Â In the past we've seen for a t-statistic the degrees of freedom equaling n minus 1.

Â Remember, that with the degrees of freedom, we always lose

Â a degree of freedom for each parameter that we estimate.

Â And when we fit a linear regression, even if you're only interested

Â in the slope, you always also end up estimating an intercept as well.

Â And since we're estimating both an intercept and

Â a slope, we're losing two degrees of freedom, and

Â that's why in linear regression, the degrees of

Â freedom associated with a t-score is n minus 2.

Â For calculating the test statistic, we are actually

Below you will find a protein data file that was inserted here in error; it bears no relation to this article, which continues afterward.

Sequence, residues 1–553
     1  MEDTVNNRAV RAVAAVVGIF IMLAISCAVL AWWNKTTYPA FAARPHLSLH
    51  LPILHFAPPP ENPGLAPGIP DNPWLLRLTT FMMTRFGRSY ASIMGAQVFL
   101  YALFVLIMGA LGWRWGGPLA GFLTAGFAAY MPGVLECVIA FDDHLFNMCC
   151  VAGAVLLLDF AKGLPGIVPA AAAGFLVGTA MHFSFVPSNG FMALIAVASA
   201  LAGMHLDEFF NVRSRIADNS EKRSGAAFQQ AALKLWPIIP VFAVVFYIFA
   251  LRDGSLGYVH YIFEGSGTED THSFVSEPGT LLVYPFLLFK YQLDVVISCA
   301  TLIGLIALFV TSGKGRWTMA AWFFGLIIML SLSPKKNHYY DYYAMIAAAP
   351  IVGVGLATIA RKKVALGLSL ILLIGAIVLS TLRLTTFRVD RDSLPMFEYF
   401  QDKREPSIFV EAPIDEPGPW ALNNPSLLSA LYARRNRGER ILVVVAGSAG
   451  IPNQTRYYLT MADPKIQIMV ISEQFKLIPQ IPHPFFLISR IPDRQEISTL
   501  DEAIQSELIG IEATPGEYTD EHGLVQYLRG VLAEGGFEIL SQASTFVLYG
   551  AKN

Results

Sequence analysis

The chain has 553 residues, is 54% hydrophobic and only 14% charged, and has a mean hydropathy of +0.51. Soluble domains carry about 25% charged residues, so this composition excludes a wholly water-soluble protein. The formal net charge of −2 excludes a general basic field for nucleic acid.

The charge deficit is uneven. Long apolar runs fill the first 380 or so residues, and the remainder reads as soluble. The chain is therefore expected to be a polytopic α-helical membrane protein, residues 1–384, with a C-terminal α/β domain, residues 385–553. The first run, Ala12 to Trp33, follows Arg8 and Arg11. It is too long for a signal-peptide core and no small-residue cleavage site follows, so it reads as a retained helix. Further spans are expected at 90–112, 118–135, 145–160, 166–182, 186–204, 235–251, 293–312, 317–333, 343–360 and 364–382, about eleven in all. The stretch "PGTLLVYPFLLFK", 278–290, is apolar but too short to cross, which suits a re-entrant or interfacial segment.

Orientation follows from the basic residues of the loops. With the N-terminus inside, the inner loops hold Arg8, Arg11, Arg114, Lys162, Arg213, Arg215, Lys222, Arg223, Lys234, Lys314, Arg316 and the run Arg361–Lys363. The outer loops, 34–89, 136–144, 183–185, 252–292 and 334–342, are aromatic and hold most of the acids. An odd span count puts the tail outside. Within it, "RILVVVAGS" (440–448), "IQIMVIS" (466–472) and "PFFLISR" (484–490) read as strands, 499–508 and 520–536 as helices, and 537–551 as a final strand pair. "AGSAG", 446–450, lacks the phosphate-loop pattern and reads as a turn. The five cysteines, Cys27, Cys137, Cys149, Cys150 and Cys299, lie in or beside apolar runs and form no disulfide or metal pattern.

Â going to make use of the regression output and

Â then kind of show you guys that we didn't have to do any hand calculations at all.

Â So the t-statistic we said is our point

Â estimate, so that is 0.9014 for the point estimate

Â for the slope, minus 0, the null value,

Â divided by the standard error of the point estimate.

Â And we can simply grab that from the regression output as well.

Â We're not going to be asking you guys to be calculating any of this by hand.

Â You should know how the regression output works, and

Â that's why we're going through the calculation of the t-score.

Â But you're not going to asked ever to

Â calculate the standard error of the slope by hand.

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It is simply a tedious task that can be

Â error prone and we usually use computation for it.

Â But it is important to understand what that standard error

Â means and how the mechanics of the regression output work.

Â If we do the math here, we're actually going to get a 9.36 for

Â our t-score, and that's simply the value